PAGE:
Also of note and similar to Pushbullet is EasyJoin Pro. It works with SMS, WhatsApp, and Facebook Messenger, and you’ll need the Android app installed as well. Sign into EasyJoin with the same account on your phone and your computer (web, Windows, and macOS apps are available), and you’ll be guided through the simple process of getting message syncing set up.
The only drawback is that the mobile app costs $10, but you get a ton of other functionality for your money—clipboard and notification syncing, easy file and folder transfer, and more. If you need a seriously powerful solution for keeping an Android phone and a computer connected, it’s worth the investment.
MightyText is another long-running SMS syncing tool, which works in a similar way to the applications we’ve already mentioned. Get the app for Android, and it’ll sync with a desktop app for Windows or macOS, or with MightyText on the web—your Google account provides the connection.
MightyText is a little more comprehensive than Pushbullet, but not quite as polished. As well as sending and receiving text messages, you can also delete them very easily, and sync photos and videos from your phone as well. Sign up for MightyText Pro ($10 a month or $80 a year), and you can schedule SMS messages to be sent at a certain time, and access a few other advanced features.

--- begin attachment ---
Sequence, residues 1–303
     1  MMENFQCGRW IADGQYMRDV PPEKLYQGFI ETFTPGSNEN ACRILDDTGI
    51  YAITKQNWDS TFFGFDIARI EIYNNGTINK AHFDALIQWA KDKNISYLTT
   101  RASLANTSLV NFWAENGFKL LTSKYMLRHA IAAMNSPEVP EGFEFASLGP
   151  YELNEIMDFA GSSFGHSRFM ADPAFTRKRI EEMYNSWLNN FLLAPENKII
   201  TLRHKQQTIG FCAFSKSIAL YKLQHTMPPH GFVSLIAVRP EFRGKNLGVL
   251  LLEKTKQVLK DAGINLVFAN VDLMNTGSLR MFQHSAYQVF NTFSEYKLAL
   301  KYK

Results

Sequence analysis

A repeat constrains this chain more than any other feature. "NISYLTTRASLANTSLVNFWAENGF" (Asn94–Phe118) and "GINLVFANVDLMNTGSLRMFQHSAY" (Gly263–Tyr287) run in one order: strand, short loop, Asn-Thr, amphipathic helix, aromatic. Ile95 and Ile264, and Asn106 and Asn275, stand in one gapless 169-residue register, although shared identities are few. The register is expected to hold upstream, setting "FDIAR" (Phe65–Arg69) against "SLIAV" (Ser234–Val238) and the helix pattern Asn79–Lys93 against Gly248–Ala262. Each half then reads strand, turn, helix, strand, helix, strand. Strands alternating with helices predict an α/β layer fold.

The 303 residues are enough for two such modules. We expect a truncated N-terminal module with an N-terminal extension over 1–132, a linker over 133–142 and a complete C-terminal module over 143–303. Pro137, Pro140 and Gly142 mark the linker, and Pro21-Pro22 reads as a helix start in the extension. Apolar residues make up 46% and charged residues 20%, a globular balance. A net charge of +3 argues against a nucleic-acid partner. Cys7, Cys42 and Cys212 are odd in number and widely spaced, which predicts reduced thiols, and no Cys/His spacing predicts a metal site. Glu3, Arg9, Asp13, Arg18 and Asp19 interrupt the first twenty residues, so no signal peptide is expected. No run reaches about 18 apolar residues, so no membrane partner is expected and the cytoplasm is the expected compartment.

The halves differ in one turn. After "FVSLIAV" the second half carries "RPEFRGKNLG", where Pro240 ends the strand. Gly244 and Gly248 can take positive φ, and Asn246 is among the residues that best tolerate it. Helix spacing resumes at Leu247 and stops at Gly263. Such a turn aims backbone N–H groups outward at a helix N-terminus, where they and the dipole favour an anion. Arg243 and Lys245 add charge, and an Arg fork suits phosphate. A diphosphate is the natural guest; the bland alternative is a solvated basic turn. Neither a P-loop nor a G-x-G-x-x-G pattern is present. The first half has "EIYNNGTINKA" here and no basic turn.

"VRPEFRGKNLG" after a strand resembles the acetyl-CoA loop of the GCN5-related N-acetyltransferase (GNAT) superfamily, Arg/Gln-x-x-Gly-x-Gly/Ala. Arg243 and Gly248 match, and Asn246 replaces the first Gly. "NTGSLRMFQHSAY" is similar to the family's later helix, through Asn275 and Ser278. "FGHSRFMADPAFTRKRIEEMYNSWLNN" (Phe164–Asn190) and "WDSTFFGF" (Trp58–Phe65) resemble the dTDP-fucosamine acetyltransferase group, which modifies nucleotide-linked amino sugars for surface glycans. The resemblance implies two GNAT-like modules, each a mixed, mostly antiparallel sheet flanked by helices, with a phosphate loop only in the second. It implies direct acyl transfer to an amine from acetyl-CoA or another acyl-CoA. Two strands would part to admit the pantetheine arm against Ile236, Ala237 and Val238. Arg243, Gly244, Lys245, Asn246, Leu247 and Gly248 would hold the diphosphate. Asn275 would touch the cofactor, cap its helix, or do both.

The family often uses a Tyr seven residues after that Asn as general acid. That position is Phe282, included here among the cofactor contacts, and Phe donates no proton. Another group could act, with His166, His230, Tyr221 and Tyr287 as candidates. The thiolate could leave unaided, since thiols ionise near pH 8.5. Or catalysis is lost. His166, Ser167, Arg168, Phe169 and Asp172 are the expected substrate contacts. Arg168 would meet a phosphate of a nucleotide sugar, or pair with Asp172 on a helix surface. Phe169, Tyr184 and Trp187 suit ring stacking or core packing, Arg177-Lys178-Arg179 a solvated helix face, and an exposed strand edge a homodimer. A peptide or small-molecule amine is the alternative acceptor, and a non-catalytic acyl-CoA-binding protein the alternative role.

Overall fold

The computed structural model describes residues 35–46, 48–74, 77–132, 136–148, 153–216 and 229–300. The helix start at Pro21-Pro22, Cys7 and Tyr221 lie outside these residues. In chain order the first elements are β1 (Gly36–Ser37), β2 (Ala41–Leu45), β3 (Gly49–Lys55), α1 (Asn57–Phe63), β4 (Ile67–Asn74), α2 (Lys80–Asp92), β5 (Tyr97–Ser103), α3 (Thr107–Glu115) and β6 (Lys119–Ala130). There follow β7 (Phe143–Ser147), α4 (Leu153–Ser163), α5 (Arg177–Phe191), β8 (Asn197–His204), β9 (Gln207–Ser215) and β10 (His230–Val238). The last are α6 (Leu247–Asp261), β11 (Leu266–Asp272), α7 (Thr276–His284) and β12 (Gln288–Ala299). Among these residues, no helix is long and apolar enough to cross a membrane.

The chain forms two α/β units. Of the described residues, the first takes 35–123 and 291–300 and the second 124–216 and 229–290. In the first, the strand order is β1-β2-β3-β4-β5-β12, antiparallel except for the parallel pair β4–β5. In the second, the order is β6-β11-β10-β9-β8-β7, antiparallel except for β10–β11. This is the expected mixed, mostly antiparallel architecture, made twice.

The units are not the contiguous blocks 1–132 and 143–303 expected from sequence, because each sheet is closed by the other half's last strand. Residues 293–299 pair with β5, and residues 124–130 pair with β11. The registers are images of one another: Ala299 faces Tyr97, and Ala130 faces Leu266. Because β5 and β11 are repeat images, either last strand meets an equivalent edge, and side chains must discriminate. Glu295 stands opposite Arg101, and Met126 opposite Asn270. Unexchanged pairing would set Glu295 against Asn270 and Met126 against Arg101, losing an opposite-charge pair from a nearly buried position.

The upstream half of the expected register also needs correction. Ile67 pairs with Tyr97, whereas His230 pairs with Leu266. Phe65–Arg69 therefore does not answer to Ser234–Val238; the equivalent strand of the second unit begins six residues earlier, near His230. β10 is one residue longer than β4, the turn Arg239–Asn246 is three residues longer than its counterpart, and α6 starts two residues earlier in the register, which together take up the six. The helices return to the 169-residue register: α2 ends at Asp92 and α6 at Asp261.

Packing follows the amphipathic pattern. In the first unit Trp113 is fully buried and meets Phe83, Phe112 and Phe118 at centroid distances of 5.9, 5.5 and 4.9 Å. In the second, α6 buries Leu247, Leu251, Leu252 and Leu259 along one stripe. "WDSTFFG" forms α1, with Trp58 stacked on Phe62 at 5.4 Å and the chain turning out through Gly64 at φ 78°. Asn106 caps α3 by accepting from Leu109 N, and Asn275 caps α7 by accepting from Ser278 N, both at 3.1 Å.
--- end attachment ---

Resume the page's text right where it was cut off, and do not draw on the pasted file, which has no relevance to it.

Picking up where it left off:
We’ve already mentioned Android Messages on the web, but plenty of other messaging apps can be loaded up in any web browser as well—more than you might have realized. You can enjoy the convenience of typing out your communications using a full-sized keyboard and then just close down the browser tab when you’re done.
Facebook Messenger is one of the best-known ones, and the dedicated Messenger website works a lot better than the main Facebook site—fewer distractions, a better design, more useful features. You can easily search through conversations, set specific colors for each chat, and even configure custom emojis to replace the default thumbs-up.
Just sign in with your Facebook account and you’re up and running. Click on a conversation to carry on with it, use the search box to find older conversations, or start a new chat with the compose button up at the top on the left. You can have your browser alert you to new messages too, if you want.
Whatsapp is on the web too—you’ll be shown a QR code, which you can scan with WhatsApp on your phone by tapping the three dots in the top left then WhatsApp Web (Android), or by tapping the Settings cog icon then WhatsApp Web (iPhone). The web app lets you enable or disable desktop notifications, and you can still throw in GIFs and stickers and emojis, and transfer files, just like you can in the mobile apps.
If you need more than the web interface, there are also desktop apps for Windows and macOS. The experience isn’t hugely different from the one you get in your browser, though you might prefer running something in a separate app, and it’s a little quicker. The connection process is exactly the same as it is for the web app.
There are more too: Signal is available as a desktop app or as an extension for your browser; Telegram can be loaded up in a desktop app or in your browser. You simply sign in with your account or using your mobile phone number and all your messages are synced across, ready to be viewed and replied to on your computer.
Many of the most popular apps can be covered to some extent from your laptop or desktop computer, though not all of them—we’re still waiting for messaging to be added to Instagram on the web, for example, while Snapchat remains very much mobile-only (which seems to be a deliberate decision).